A Year at Penn Rehab

11139367_1061647397198175_1431669535885815449_nLast Tuesday marked my one year anniversary as the Marketing and Communications Specialist at Penn Rehab, also known as Good Shepherd Penn Partners. The organization of the therapy provider for Penn Medicine, including acute physical and occupational therapy in all of the Penn Medicine hospitals (Pennsylvania Hospital, The Hospital of the University of Pennsylvania and Penn Presbyterian Medical Center), in-patient and Long Term Acute Care on 1800 Lombard Street in Philadelphia, and outpatient services across the region (known as Penn Therapy & Fitness).

11043011_1019303038099278_386451778405980983_nI clearly remember stumbling across the posting on a Sunday afternoon at the coffee shop. I was at the point where my life was finally coming together again and my heart was missing the work in healthcare. The food banking industry was rewarding, and Philabundance was an amazing experience, but it did not fuel me the way my work at Gift of Life Donor Program and Gift of Life Family House did. Being in physical rehabilitation was a chance to be present in capturing the heart of an aspect of healthcare without such a life or death weight, like organ donation. However to my surprise there are many pre-transplant and post transplant patients that receive physical therapy with us!

The day after emailing my information,the recruiter reached out to start the interview process. Two weeks later I was hired, and four weeks later I began my adventure. I accepted the offer in the parking lot of Ikea, and spent an hour afterwards wandering around the store in disbelief. Not only was it a generous salary increase, but came with my own door. To someone who spent the past 3 years in bullpen on top of coworkers for 8 plus hours, this was a luxury. Similar to the moment when little orphan Annie walked into Daddy Warbucks’s mansion (dramatic but you get the point).

Like most non-profits it was baptism by fire with a learning curve full of new vocabulary, coworkers, protocols and personalities.  However as the weeks went on, it was clear to everyone that the work and I agreed with each other.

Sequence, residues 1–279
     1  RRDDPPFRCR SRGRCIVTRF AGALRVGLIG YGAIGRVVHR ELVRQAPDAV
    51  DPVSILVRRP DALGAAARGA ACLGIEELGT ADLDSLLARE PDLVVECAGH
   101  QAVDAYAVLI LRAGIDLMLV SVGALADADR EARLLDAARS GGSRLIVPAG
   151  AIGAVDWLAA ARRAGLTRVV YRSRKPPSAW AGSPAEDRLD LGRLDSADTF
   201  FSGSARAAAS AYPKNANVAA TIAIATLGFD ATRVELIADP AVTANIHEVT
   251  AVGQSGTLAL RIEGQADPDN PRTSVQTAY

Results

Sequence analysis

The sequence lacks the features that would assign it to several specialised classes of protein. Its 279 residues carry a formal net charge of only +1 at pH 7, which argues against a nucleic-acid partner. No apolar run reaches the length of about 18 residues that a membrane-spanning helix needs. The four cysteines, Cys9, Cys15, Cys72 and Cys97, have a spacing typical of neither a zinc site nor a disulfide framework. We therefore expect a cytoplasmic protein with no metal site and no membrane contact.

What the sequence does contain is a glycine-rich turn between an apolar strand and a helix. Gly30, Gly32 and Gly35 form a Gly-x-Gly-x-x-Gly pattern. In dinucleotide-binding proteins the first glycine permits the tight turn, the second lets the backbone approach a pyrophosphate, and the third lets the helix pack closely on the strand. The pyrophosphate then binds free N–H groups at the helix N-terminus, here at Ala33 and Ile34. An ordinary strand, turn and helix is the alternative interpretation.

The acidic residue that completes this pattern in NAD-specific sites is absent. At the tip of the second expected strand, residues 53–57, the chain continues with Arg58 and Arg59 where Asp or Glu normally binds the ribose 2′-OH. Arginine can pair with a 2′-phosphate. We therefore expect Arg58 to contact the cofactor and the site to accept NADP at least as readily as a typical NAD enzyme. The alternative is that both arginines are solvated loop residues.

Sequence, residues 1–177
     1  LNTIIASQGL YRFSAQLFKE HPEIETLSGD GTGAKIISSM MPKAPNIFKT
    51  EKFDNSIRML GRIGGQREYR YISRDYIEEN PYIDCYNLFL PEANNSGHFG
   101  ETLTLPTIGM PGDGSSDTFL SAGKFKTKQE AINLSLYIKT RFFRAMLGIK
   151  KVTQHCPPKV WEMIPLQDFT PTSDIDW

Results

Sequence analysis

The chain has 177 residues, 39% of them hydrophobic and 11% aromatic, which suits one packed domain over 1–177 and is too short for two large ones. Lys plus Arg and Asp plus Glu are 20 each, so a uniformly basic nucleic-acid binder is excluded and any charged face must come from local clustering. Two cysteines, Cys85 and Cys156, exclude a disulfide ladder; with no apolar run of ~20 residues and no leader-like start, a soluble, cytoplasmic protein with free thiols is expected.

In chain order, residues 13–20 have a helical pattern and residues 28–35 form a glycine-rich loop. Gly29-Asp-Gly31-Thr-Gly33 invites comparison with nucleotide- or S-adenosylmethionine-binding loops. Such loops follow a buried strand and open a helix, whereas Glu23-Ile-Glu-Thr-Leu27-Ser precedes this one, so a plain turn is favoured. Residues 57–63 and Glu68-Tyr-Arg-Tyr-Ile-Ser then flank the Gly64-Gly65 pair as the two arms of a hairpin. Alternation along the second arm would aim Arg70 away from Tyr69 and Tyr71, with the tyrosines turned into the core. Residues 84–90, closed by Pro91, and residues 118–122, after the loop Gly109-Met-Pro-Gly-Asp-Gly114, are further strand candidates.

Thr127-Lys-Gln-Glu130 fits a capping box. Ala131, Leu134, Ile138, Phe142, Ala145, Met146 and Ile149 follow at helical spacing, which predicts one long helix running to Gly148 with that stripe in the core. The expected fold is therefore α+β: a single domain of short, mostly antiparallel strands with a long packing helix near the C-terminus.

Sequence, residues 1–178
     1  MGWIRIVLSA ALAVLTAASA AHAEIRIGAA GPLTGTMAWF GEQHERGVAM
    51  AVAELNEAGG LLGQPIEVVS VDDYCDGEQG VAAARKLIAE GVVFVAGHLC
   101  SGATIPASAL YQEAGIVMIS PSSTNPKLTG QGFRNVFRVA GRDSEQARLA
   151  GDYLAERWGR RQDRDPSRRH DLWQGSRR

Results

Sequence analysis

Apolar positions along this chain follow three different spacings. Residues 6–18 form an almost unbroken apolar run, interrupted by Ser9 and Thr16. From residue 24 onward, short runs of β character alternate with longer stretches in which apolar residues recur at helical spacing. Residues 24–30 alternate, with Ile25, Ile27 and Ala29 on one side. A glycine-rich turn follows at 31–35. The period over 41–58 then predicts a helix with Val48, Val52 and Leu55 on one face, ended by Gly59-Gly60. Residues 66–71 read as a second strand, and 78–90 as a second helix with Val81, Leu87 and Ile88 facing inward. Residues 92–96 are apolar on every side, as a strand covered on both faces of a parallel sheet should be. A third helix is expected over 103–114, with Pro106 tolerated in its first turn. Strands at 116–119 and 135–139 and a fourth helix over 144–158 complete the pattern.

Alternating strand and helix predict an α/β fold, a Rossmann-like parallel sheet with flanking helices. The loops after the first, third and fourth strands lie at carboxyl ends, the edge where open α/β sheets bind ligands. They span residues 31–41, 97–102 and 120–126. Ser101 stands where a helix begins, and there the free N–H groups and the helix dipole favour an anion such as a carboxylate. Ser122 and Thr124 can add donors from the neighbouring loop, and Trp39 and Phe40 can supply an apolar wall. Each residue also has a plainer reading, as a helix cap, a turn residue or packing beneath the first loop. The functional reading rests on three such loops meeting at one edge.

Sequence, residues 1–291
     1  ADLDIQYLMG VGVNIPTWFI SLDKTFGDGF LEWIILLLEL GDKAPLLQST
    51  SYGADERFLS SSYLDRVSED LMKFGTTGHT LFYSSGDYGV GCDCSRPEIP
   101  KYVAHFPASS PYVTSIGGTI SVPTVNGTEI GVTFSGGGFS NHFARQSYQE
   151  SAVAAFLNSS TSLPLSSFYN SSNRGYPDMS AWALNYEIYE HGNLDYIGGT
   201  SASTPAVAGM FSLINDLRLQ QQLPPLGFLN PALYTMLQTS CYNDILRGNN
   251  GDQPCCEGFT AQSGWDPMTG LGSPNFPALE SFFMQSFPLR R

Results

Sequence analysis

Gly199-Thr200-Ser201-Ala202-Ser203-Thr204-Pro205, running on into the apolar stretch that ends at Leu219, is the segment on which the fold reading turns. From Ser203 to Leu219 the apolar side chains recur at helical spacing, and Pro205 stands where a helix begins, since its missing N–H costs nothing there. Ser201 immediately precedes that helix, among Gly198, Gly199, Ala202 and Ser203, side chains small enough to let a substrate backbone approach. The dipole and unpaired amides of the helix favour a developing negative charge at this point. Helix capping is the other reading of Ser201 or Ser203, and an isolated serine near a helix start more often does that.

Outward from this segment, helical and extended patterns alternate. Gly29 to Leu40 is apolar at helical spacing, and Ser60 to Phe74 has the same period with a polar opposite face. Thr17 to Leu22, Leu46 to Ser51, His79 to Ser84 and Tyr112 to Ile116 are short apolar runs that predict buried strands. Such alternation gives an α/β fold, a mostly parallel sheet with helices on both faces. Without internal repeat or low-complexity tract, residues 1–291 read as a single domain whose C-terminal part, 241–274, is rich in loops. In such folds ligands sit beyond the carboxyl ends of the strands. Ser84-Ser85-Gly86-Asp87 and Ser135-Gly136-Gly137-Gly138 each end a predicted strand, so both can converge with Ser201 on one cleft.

12038827_1165543326808581_4541438852384906421_o (1)But it wasn’t all roses. Within 4 months of taking the job,the executive directory of the organization was replaced overnight, and my hiring manager resigned leaving me as the sole marketing person. With freaking out not being an option, I developed a wide range of marketing skills within a span of several months at a rapid speed. With the help of two other seasoned coworkers, I have been able to help build the foundation of the new era of the communication and marketing for this ever-growing organization. And fortunately I have been able to gain an incredibly talented and smart boss who has been a mentor that I never knew I needed.

11143591_1093670943995820_1217906030951913368_oWith November 15 marking 4 years of starting to work full-time (yes, I know I have a thing with dates), for the first time I have been able to see a definite switch of my level of digital marketing. Just last week, I worked with my manager to launch a mini-digital campaign with objectives, tactics and goals. After I went through my outline, I looked up to see her smiling  “Did you hear yourself? Your doing strategic planning.” It was a moment of pride, and a time to reflect on how grateful am for the wonderful career opportunities including my internships while studying Advertising at St. Johns University.

In a nutshell, I manage all of the digital content for the organization. Over the past year, I’ve launched a digital monthly employee newsletter, started Next Chapter, the organization’s blog, and have worked to great a library of multimedia (profiles, videos, photos) to capture the breathe of Penn Rehab- featuring patients, caregivers, employees and community partners. This has been the most writing intensive position I’ve ever held, which has spilled over in my personal penning as well.


11065871_1031285663567682_6978535275544242507_nAt Penn Rehab, I’ve been able to return to capturing stories of patients, caregivers and clinicians. With over 40 interviews since I started, each experience is unique and captures the resilience of the human spirit. It has been an honor being able to be present watching someone learn how to walk again, or to go outside for the first time in months after hospitalization. And there is no greater joy than watching a former patient return to visit and being able to see how far their recovery has gone.

Here are few of my favorite pieces that I’ve covered over the past year:

11695475_1085963921433189_2196778225545622800_nIn the upcoming months there are even more exciting things to share about the work I am doing for this organization, and it will be wonderful to share it on here. Truly, I cannot wait to see what my next year will bring at Penn Rehab!


If you’re interested, here are a few links from the digital platforms I manage.











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